Top-down success

by Staff
Share This:

When management sponsors Lean practices and accepts input from supervisors, Lean can significantly change profit margins for the better. But leave out the supervisors and Lean becomes just another management initiative that started with promise and sagged under the weight of every day routines and habits.

Lean at its most basic level embraces a deep respect for continuous improvement. Little changes mount up to significant cost savings. Moreover, continuous improvement contributes directly to gains in capacity. Although it is easy to discuss this fundamental concept, it is not as easy to implement in the American framework of management. Many meat processors are relatively small, family run businesses. The family has built a viable enterprise with hard work and frugal expenditures. When capital is appropriated, it often is earmarked for equipment or to add a new product line. For many meat processors, this has been a profitable business strategy. Today’s processing industry, however, is becoming more competitive and more demanding. The current realities of the meat and poultry business demands cost cutting and efficiency gains without large expenditures. This is the music of the Lean enterprise and the lead drummer is the supervisor.

In meat and poultry plants, supervisors are promoted from the ranks of production workers. They often times are the best workers and have learned the fundamentals of machine operations and production. However, they have also picked up at least some of the ineffective habits of that particular processing plant. Ineffective habits have to change, and the supervisors have to change first. Since the supervisors are the leaders in the plant, it is imperative that they see operations through "new eyes." To see waste, supervisors need to know what it looks like. I favor coaching supervisors while in the plant and "in the moment."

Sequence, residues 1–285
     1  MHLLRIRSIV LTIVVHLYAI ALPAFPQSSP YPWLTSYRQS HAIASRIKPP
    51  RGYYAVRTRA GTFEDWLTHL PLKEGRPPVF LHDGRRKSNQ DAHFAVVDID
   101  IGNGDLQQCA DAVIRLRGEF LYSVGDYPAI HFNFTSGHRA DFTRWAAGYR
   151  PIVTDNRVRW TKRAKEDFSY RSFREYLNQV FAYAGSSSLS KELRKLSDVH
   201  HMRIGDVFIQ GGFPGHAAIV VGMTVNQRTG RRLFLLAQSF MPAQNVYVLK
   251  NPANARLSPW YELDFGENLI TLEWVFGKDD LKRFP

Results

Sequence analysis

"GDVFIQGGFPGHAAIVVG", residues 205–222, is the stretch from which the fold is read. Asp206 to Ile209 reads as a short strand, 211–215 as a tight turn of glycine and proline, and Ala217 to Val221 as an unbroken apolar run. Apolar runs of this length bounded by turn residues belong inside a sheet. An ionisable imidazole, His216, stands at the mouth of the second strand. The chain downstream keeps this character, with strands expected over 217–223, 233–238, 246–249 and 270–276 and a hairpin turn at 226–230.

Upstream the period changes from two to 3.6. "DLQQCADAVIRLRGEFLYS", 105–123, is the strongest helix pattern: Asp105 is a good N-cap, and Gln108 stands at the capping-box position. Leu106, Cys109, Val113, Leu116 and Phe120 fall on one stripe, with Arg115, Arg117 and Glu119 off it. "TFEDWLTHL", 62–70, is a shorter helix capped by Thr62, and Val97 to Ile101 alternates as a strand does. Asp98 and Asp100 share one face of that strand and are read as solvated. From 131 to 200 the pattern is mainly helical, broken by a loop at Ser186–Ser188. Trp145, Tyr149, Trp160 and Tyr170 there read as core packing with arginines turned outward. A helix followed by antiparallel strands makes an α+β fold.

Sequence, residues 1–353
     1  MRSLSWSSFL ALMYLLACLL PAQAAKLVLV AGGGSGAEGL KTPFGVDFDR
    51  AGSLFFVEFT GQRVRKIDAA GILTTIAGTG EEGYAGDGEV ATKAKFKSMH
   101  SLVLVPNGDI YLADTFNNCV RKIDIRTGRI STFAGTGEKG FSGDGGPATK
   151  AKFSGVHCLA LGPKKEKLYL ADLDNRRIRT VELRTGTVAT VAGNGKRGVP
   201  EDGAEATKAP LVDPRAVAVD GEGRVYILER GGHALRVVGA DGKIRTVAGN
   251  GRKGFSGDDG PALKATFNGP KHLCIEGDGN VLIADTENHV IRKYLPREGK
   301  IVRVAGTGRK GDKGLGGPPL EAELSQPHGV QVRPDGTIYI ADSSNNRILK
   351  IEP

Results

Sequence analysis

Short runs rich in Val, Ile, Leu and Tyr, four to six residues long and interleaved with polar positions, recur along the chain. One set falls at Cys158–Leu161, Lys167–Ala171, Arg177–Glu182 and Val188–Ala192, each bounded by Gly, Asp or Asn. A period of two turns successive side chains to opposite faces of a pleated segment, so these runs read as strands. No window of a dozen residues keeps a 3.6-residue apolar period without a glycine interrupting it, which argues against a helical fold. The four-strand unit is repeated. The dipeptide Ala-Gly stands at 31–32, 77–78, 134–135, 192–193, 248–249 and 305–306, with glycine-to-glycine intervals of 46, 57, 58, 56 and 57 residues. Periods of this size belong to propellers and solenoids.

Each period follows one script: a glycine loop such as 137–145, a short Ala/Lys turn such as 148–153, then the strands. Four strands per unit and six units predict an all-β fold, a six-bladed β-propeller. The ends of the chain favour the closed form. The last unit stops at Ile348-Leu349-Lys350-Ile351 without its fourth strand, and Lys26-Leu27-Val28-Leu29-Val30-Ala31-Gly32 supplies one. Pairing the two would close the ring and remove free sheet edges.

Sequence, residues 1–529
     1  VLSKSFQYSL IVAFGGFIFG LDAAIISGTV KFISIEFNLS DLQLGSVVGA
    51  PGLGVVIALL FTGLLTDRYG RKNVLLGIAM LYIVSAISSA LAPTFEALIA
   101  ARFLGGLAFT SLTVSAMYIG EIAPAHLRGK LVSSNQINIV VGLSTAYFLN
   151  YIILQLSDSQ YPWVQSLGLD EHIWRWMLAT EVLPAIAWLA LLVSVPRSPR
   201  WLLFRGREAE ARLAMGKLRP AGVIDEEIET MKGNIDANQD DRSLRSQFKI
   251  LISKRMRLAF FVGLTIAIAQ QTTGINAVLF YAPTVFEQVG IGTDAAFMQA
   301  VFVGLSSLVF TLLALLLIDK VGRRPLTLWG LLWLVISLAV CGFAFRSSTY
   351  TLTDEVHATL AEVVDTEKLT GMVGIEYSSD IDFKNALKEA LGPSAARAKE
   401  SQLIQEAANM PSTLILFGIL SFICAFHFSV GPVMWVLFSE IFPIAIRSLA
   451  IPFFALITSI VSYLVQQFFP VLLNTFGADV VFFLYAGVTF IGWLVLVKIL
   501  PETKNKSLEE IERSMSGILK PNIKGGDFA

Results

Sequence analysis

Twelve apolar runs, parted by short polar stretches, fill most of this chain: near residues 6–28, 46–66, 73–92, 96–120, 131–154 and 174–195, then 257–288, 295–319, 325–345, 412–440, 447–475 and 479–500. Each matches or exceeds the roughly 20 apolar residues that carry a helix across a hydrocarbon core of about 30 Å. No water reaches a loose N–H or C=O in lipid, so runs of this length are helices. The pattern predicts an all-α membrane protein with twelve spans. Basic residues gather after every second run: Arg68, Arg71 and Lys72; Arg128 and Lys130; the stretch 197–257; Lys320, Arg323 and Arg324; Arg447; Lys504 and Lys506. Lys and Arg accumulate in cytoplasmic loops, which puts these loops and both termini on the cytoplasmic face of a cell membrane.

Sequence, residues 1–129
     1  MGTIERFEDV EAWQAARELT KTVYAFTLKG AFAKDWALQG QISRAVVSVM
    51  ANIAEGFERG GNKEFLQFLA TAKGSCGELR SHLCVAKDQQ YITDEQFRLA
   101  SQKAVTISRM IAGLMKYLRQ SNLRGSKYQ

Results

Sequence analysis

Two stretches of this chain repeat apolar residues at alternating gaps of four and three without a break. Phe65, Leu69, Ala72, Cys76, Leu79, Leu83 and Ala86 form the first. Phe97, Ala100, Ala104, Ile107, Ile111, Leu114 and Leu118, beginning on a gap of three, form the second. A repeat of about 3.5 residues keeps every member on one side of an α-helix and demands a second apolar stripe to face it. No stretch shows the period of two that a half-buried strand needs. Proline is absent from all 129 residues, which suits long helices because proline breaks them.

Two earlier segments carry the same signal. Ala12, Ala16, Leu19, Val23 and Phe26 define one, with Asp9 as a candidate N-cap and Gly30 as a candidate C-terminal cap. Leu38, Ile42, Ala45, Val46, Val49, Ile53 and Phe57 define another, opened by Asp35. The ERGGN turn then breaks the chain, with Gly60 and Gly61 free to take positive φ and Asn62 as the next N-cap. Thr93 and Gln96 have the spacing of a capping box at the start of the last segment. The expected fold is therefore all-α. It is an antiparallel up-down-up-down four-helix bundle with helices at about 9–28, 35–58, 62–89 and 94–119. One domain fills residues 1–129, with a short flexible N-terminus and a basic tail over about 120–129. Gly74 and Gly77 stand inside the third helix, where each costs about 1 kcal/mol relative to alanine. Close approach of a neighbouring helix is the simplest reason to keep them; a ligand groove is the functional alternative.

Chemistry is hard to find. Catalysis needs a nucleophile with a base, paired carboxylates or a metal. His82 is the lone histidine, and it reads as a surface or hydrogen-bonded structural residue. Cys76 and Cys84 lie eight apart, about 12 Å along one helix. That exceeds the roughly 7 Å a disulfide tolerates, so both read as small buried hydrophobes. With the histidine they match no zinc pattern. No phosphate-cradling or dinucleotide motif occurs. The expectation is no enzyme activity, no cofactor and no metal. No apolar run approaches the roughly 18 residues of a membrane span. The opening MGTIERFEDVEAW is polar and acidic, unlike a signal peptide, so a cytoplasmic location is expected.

Just last year I was consulting in a large ground beef plant. Early one morning, I noticed the formulator leaving the grinding area. The supervisor and I followed the formulator. We wanted to see where he was going during the critical time of start-up. I counted 157 steps out of the grinding room, through several other production areas and several bends. What was he doing? He was retrieving "foodgrade" grease to smear on the grinder couplings. The supervisor immediately saw the waste through "new eyes." We even laughed because we could not decide whether the long walk was a transport or motion waste. Regardless, time was wasted.

Immediately the supervisor implemented a resolution. He moved a small container of grease into a cabinet next to the grinder. Not a penny was spent for this improvement and cost savings. This is Lean at the most basic level.

Once supervisors begin to see waste in their plant, they can learn more about Lean principles and tools. As always, 5S is a great tool to get started in the plant. After supervisors witness waiting, transport and motion through "new eyes," they become much more receptive to having tools, equipment, parts and materials where the operators and technicians need them. Remember to emphasize that storing tools in a meat tub is not 5S. The basic but sometimes missed construct of 5S is that the tools are sorted and staged.

In short, anyone can see that a tool or part is missing. This is not true if they are in the same place, but that place is the bottom of a meat tub. Another factor for implementing meat plant 5S is that the sorting and staging must allow efficient and effective sanitation. If flanges, housings, couplings and other equipment are hung or staged in a fashion that is easy to clean, maintain, retrieve and store, then your supervisor can work to sustain this effective and important Lean practice.

Use ‘visual factory’